Splints can be made from a variety of different materials. The ideal material is a low-temperature thermoplastic because it is lightweight, easily moldable and detachable, and conforms very well to contours. However, this is not the only material from which splints are made and this material may not always be available, in which case alternatives and improvisation may be necessary.
MATERIALS FOR SLINTING
Easily available materials are used to make the splints.
Plaster of Paris – this material is excellent in the early stages, the patient is immobile and heavy dressings are applied; however, it tends to absorb exudate, is heavy, and breaks easily. It is usually applied after surgery to immobilize and position a limb; but after it is discarded it must be replaced with something else.
Cardboard – This material also makes an excellent early splint material and is particularly good for positioning and stretching burns on children’s hands. The use of disposable dressing boxes to manufacture easy, lightweight, disposable splints also minimizes cost. A dorsal block can be applied over the steps to increase stretch, and a firm (but not too tight) bandage maintains the required position of the hand. Other rest splints can also be made quite simply out of cardboard with a little creativity.
Foam and blown polystyrene – Of these, quite good positioning tools can be made to maintain the position of large joints, especially when the patient is at bed rest, for example, in the axilla in abduction. They are useful for adjusting the position of patients at night. They can also be used in combination with other materials to create hand splints, such as forming splints with PVC.
PVC tubing – These materials can be easily converted into lightweight, effective splints that can be worn comfortably by patients. It can be cut with a saw and rough shaped with heavy scissors to create knee arm and finger extension splints, and hand splints can be created by adding foam and other materials such as blown polystyrene.
PVC elbow tubing can be cut to length, filled and worn as very effective axilla splints.
PVC can also be heated (using an electric heat gun) and molded to create splints with similar compatibility to those made from thermoplastic materials. Unlike low-temperature thermoplastics, it cannot be molded directly into the patient due to its high melting point, but can be heated and removed until a good fit is achieved.
PVC can be used to manufacture elbow extension splint – same method is applied for knee and finger extension splint. The production of hand splints from PVC provides ease and comfort when obtaining the patient’s consent.
Splinting materials are ubiquitous around us, and with a little creativity, everyday materials can be used to create splinting tools every day.
FLEXING AND FIRST MOVEMENT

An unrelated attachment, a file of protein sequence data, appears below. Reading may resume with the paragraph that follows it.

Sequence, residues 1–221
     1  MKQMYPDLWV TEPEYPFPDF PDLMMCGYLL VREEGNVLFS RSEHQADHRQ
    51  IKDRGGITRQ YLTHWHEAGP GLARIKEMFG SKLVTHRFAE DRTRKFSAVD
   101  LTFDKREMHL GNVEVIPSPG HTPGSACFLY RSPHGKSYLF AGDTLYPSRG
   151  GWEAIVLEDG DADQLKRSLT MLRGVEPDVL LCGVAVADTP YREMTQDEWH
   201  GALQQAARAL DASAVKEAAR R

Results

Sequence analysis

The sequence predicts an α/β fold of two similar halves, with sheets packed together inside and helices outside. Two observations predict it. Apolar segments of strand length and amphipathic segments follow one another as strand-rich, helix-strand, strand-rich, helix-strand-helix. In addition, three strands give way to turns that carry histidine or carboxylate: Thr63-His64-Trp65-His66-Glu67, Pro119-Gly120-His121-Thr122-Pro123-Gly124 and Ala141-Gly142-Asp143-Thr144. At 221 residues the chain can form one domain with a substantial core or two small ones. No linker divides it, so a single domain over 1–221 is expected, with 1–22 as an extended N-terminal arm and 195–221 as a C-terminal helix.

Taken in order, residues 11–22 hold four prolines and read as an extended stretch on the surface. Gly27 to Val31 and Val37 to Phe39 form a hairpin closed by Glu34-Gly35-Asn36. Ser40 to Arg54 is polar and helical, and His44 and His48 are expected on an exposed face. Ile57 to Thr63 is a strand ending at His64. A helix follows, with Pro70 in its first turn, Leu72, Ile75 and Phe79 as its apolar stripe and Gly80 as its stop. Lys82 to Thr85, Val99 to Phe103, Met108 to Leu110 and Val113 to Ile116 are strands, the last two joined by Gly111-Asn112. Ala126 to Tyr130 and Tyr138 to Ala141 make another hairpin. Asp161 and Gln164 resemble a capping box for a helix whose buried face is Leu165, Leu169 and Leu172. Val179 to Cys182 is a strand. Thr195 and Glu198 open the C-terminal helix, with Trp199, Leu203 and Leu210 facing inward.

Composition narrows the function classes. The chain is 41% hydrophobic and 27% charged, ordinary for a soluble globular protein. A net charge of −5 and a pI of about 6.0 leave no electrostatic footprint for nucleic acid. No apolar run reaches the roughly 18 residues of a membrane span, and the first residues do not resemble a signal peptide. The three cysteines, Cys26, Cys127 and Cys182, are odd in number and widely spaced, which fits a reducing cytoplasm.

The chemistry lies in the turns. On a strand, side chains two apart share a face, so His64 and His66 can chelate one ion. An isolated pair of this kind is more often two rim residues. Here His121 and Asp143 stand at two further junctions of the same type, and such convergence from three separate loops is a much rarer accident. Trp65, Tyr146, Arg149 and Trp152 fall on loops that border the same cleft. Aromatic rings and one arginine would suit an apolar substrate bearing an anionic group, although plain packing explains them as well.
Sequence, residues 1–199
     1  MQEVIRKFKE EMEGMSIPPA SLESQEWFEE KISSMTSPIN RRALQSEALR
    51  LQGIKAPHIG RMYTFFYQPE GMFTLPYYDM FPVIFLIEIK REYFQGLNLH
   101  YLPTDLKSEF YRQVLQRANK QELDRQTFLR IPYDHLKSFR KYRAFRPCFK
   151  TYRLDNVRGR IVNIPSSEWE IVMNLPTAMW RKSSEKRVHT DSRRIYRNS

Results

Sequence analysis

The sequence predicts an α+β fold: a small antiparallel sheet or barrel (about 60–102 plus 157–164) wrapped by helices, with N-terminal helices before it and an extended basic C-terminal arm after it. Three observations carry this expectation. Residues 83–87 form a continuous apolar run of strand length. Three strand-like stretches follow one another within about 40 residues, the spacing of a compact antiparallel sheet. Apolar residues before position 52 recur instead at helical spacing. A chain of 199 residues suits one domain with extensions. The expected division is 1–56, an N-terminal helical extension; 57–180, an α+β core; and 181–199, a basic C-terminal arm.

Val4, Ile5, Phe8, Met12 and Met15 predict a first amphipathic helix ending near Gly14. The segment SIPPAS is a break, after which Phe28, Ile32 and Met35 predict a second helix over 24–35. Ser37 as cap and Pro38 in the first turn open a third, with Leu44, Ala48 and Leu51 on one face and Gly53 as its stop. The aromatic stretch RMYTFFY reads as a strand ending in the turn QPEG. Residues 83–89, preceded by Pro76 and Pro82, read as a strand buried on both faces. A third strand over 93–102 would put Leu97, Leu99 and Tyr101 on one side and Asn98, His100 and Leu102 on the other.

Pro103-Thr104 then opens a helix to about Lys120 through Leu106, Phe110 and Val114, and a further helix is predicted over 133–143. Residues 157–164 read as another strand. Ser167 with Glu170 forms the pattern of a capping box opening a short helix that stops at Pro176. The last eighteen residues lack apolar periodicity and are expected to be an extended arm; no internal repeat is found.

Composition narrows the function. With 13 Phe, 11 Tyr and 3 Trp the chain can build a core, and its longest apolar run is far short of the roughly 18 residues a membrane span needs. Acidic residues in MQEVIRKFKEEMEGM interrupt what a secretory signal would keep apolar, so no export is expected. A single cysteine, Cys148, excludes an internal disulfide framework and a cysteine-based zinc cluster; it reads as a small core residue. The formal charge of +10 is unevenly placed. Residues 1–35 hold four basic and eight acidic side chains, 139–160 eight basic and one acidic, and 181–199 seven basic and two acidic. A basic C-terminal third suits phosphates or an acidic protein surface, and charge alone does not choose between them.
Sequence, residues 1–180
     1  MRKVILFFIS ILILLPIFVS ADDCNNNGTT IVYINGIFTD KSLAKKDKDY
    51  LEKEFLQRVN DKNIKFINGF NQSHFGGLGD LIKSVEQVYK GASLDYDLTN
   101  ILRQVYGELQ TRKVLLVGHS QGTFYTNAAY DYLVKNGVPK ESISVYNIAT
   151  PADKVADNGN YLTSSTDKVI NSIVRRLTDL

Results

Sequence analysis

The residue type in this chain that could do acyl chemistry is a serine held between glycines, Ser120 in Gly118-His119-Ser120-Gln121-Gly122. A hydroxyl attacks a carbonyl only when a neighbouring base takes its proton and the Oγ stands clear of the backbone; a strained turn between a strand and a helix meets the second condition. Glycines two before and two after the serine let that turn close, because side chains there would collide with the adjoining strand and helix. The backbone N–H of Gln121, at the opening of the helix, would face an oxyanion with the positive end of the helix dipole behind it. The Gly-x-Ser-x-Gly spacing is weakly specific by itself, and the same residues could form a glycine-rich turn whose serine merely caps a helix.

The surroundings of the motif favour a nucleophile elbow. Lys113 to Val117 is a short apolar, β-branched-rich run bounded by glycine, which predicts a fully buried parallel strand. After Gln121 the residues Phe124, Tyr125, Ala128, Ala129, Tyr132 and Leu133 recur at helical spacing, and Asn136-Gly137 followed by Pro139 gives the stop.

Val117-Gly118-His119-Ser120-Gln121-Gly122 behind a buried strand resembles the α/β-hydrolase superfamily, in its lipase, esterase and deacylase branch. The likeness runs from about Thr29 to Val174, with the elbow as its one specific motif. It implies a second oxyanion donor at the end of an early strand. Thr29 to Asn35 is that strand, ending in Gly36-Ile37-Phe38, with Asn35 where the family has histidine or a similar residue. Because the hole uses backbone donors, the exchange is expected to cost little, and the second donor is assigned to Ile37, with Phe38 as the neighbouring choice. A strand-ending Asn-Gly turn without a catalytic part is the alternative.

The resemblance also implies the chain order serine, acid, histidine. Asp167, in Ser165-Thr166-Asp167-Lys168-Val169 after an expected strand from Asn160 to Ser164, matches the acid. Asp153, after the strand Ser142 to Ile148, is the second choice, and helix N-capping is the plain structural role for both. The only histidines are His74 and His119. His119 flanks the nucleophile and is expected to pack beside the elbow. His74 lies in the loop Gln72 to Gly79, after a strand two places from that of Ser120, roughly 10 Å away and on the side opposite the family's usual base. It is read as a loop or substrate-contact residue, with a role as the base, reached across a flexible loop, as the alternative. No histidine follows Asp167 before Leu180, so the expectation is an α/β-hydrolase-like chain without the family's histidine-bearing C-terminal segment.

Joints affected by burns must be moved and stretched several times a day, and the patient is likely to require assistance from burn team and family members to reach full range of motion. Therapists use clinical judgment based on the appearance of the tissue to determine whether passive range of motion (ROM) or active ROM is performed, as well as when to resume ROM after immobilization.  Patients need to develop patient-specific movement habits from the day of injury, not from the day the surgery is completed or the wound begins to heal partially or completely.  Children may need additional encouragement, so parental understanding and involvement is crucial from an early stage as they will help the child achieve the exercise and stretching regimen. Games that involve therapy goals such as stretching to catch a ball, reaching and bilateral use of the hands, depending on the site of injury and therapeutic needs, should be encouraged. Pain control is necessary to make this process as easy as possible for the patient, because for patients they are extremely reluctant and afraid to move if it will cause severe pain. Patients should be encouraged to take action as soon as possible after injury. Stiffness is common in burn patients, both in the joints affected by the burn injury and in other joints when immobilized from time to time. Splinting should be accompanied by regular exercise regimens because contractures can occur and also contractures in those desired positions if the patient is consistently positioned and constrained by that position.  Patients should be encouraged to get out of bed and exercise as soon as they are fit enough. Therapeutic exercise includes ambulation of joints, consideration of neurovascular integrity, improvement of cardiovascular and respiratory capacity, coordination, balance, muscular strength and endurance, exercise performance, and functional capacity.  Exercise also helps the patient experience a general sense of well-being, confidence, and achievement.